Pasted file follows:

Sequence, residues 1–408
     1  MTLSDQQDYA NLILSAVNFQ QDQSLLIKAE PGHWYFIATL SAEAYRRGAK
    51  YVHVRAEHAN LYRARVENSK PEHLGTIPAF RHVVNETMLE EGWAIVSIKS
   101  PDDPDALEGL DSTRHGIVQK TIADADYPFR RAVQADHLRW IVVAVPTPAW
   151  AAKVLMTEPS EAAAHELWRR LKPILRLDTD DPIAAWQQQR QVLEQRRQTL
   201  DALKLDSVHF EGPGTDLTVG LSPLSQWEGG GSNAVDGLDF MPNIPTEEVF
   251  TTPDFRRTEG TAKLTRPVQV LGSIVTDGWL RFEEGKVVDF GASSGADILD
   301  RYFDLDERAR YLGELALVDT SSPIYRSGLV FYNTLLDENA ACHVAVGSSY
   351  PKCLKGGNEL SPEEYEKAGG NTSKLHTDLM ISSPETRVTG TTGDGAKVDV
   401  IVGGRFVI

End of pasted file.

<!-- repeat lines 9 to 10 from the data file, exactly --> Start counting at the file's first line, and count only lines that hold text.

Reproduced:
   351  PKCLKGGNEL SPEEYEKAGG NTSKLHTDLM ISSPETRVTG TTGDGAKVDV
   401  IVGGRFVI